Have you checked out these lists of YouTube’s most-watched videos of 2010 or YouTube’s 10 favorite videos of 2010 (according to fan voting)?
As usual, the top videos are a mixture of humor, spectacle and quality (OK Go, Antoine Dodson, “Double Rainbow”). But perhaps most surprising among the Top 10 is the inclusion of the original Old Spice Super Bowl ad that spawned the company’s ongoing TV and web campaign.
Why is that surprising?
Because, simply put, there’s no reason that anyone online ever needs to watch an ad.
Yes, you may have to watch an ad in order to get to the video you actually want or need to watch, but when you have complete control of your online time, there aren’t many cases when you’ll consciously choose to spend it being marketed to.
At best, a good web video ad is one that doesn’t aggravate us while we’re waiting for our chosen video to load.
So how did Old Spice make a commercial that became one of the year’s most-watched videos?
- It was funny
- It was absurd
- It was incredibly well-made
Humor, spectacle and quality. Those traits were commonly seen in this year’s (and, really, every year‘s) most-watched videos. Old Spice happened to combine them all into one video, and did so in a way that surprised the media at large — which, as a result, couldn’t stop sharing these videos.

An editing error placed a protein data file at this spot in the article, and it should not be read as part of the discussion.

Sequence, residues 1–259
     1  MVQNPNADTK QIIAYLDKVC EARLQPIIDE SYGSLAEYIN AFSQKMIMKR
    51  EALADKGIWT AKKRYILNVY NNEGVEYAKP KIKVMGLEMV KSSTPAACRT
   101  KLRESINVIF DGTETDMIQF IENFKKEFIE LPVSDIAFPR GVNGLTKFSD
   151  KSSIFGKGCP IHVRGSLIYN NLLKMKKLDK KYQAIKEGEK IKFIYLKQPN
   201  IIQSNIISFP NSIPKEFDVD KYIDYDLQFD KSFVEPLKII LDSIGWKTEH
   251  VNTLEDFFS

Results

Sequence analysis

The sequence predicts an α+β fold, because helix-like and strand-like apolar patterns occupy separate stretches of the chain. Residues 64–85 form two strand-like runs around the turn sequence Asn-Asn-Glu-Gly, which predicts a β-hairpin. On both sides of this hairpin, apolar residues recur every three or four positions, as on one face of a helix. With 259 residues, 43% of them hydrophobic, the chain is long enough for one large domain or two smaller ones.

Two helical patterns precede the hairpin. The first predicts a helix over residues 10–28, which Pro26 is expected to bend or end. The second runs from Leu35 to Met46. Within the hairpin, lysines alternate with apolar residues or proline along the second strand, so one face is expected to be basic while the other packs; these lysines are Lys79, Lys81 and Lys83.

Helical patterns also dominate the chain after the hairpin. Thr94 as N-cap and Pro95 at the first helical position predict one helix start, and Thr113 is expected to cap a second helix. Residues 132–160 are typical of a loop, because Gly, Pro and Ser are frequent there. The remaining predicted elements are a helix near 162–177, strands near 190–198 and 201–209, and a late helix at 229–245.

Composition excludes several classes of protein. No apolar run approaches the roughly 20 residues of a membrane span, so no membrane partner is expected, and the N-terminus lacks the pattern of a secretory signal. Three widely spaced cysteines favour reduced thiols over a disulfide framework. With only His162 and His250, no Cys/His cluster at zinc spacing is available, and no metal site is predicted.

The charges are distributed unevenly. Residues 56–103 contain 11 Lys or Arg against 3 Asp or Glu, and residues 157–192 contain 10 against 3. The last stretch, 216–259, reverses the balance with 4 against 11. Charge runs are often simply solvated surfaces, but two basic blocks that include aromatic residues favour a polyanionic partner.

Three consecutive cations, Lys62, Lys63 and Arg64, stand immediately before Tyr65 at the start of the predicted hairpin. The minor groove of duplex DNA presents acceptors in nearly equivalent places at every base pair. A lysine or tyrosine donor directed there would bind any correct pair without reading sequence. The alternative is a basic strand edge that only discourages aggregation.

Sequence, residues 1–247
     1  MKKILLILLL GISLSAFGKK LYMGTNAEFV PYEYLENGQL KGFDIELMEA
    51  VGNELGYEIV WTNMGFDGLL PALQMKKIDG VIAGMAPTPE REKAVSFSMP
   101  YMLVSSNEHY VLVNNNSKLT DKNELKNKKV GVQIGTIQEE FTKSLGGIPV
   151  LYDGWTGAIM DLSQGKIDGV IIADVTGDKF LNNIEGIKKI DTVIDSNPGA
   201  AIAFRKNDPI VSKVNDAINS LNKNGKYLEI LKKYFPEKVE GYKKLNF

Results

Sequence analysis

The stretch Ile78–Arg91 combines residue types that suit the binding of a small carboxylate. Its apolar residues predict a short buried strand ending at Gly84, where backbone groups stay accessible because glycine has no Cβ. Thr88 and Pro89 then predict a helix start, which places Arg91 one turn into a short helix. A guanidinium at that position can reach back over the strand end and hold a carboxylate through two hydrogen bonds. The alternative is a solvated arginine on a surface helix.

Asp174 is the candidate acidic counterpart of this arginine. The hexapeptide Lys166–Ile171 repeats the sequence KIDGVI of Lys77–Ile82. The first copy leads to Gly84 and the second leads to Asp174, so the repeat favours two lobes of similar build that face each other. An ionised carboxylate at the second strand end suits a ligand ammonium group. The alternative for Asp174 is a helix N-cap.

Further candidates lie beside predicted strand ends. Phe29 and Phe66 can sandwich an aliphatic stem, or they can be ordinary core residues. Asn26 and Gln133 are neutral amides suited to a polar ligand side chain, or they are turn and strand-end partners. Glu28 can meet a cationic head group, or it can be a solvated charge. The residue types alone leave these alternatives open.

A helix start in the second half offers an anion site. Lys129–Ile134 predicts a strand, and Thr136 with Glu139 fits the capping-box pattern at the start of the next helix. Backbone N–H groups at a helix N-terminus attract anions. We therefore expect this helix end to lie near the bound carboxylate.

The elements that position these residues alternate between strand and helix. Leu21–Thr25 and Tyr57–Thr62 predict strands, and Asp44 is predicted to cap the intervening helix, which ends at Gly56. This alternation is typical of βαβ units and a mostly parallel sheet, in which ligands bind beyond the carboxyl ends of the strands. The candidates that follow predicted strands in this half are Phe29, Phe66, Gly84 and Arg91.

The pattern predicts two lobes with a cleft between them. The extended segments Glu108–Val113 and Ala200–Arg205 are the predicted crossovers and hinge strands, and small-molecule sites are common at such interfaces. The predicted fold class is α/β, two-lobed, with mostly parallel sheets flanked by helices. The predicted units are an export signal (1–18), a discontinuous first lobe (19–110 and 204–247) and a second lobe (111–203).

Because no one expected Old Spice to reinvent themselves in this manner, doing so created a series of talking points that pushed these videos to the forefront of everyone’s infostream.
Can your brand do that? Doubtful. Catching lightning in a bottle is an annual rarity. Not every ad campaign will be “the new Old Spice.” In fact, almost all of them won’t.
And that’s actually good news.
Trying to be the most popular video on the web is going to be an exercise in frustration that distracts from your company’s actual goal: to be profitable. Is Old Spice happy that they greenlit a popular ad? Sure. Are they happier that Old Spice sales skyrocketed as a result? Undoubtedly.
So instead of trying to produce the most-watched video of 2011, focus on producing videos that increase your brand’s audience awareness and drive sales. (Or, if you’re a non-profit, create videos that drive awareness and donations, as these popular videos for Toronto-based charities have done.)
And if you have a sense of humor about it, so much the better.
(Have we mentioned we produce web videos for our clients?)